Khaldun Bshara

Director of the Conservation Unit / Riwaq Centre. Awarded a Bachelor of Architectural Engineering from BirZeitUniversity, and MA in Conservation of Historic Towns and Buildings from Catholic University of Leuven, Belgium.

Author and co-author of number of books and articles; Ramallah, Architecture and History; “Breeze from the North”; Riwaq’s Guidelines for Maintenance and Restoration of Historic Buildings in Palestine.

How it is to run a practice of preservation under occupation?

“Perhaps more than any other aspect of Palestinian material culture, the Built Heritage is experiencing a rapid loss of its distinctive character. Particularly disturbing is the state of negligence to old buildings all over Palestine. Valuable historic buildings are being bulldozed or abandoned, and allowed to collapse only to be replaced by new constructions that echo no link with the past architectural heritage. Traditional construction methods, building crafts, know how, and skills are nearing extinction with the retirement and death of master builders and craftspeople. The rest of the natural environment is also undergoing devastating changes. The beautiful rocky landscape and stone-terraces, typical of Palestinian landscape are being replaced by badly finished concrete buildings.”

(Riwaq’s brochure)

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Palestine has always had a particularity that is not applicable to other countries regarding safeguarding and conserving built cultural heritage. This reality neither stems from unique building techniques nor from stone types used in the historic buildings of the Holy Land, but rather from the objectives and goals foreseen of these conservation works.

A quick review of conservation works, implemented in Palestine for the past two decades, indicates undoubtedly that the main objective of these operations if not the sole, was the struggle against the Israeli occupation. The issues of land liberation and putting down obstacles in front of Israeli occupational measures played a major role in directing the largest portion of conservation works in Palestine. This applies to the rehabilitation works done in Hebron by the Hebron Rehabilitation Committee to protect the Old City from the Jewish Settlers. It also applies to the rehabilitation works implemented by the Welfare and the Waqf in the Old City of Jerusalem to boost up the Palestinian presence in the City to be used later as a pressure card in the peace agreement negotiations. Nonetheless, the Bethlehem 2000 Committee implemented restoration works which shows not only the interest in the place of Jesus birth but also it has been looked upon as a political commitment to the Peace Process. Riwaq-Centre for Architectural Conservation, as well, has been engaged in the Job Creation through Restoration projects since 2002, a project with its main goal is to alleviate poverty and help improvement of the economic situation of the Palestinians affected by the Aqsa Intifada.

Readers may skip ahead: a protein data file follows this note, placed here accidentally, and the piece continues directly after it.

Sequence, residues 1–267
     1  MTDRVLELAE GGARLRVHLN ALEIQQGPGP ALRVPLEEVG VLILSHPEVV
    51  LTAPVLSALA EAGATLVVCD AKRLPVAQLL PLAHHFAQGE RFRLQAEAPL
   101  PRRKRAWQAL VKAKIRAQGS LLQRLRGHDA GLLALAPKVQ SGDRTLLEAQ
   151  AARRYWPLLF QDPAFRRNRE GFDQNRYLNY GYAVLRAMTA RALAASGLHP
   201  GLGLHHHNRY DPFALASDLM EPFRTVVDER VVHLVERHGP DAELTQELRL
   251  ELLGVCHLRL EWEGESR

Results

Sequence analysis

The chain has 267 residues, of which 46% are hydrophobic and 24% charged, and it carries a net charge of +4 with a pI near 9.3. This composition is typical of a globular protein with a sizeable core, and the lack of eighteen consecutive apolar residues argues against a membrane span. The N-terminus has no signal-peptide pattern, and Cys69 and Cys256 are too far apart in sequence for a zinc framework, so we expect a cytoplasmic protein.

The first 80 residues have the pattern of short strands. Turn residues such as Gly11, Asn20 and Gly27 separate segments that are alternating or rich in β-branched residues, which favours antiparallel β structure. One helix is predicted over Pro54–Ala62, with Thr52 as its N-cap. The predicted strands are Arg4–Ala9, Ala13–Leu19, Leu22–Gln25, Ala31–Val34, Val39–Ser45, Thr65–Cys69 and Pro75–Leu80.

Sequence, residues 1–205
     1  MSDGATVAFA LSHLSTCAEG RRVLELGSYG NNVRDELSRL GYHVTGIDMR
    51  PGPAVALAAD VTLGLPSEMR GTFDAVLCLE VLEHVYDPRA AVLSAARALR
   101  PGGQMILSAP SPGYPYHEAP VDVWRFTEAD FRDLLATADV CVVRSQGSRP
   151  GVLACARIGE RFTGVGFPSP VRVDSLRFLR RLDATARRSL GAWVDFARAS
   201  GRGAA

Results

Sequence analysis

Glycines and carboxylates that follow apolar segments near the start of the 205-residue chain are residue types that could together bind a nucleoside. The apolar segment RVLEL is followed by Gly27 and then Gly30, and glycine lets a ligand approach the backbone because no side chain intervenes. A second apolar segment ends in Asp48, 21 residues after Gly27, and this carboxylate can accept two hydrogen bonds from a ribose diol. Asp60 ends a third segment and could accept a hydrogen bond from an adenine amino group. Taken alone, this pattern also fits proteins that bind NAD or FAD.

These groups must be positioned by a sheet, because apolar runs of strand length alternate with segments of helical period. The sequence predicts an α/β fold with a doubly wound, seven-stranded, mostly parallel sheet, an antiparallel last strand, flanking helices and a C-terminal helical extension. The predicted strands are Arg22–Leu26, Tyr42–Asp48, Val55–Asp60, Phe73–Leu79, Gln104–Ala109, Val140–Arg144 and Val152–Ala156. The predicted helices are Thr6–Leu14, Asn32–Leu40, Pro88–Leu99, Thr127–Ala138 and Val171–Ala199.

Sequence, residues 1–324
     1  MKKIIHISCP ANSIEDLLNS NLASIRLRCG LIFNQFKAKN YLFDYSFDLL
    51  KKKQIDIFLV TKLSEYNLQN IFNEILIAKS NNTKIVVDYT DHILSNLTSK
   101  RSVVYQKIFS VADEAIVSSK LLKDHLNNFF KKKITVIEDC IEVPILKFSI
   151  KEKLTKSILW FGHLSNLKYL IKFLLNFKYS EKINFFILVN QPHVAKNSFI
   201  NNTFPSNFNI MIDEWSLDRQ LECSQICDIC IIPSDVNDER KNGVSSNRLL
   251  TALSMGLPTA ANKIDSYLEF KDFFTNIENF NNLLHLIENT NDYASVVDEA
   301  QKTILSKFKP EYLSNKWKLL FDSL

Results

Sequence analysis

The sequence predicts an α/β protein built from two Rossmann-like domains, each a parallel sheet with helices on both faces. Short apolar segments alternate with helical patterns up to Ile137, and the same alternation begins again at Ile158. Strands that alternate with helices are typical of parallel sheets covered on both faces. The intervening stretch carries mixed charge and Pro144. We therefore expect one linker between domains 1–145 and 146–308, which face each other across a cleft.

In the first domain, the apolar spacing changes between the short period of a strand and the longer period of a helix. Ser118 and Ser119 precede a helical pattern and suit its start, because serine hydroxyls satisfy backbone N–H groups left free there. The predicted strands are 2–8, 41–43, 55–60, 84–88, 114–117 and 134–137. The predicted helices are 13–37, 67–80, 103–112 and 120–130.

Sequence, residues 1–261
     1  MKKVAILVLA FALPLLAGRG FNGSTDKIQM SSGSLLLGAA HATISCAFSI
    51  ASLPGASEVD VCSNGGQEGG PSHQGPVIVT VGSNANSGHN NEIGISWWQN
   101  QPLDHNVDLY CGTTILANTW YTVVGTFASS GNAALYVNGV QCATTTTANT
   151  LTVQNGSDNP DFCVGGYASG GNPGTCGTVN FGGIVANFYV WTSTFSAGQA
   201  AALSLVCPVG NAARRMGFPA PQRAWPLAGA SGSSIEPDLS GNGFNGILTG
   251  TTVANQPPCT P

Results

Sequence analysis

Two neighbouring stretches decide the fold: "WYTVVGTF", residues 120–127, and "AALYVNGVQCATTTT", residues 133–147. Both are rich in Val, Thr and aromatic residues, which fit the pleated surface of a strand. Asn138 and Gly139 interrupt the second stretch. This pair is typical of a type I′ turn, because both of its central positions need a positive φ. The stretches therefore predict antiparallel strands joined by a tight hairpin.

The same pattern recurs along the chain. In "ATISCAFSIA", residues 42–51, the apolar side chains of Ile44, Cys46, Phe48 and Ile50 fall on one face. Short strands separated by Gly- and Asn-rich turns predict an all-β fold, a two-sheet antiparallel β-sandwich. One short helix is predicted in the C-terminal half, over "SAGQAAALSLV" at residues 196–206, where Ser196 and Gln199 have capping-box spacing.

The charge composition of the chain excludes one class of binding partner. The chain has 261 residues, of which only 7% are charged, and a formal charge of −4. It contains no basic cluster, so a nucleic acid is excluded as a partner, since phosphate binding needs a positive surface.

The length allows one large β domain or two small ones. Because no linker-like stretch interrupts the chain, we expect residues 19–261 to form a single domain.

In preservation works under occupation, cultural heritage has been in the heart of the Israeli-Arab conflict. A process doesn’t consider built heritage as a possible reconciliation driving force, but as a substance for conflict and a substance for making visible in space the historicity of the struggling sides.

What do you think about the Lifta renovation project?

From architect conservator point of view, Lifta stands as a reminder of a typical evacuated Palestinian village during Arab-Israeli war 1948. Hence it has values that vary from historical, architectural, and social values. Lifta provides us with a reminder on one hand of the Palestinian lost landscape and dispersed community, and on the other stands as ethnically cleansed village to be located soon on the list of gentrified villages discriminating again the original founders and owners of these spaces.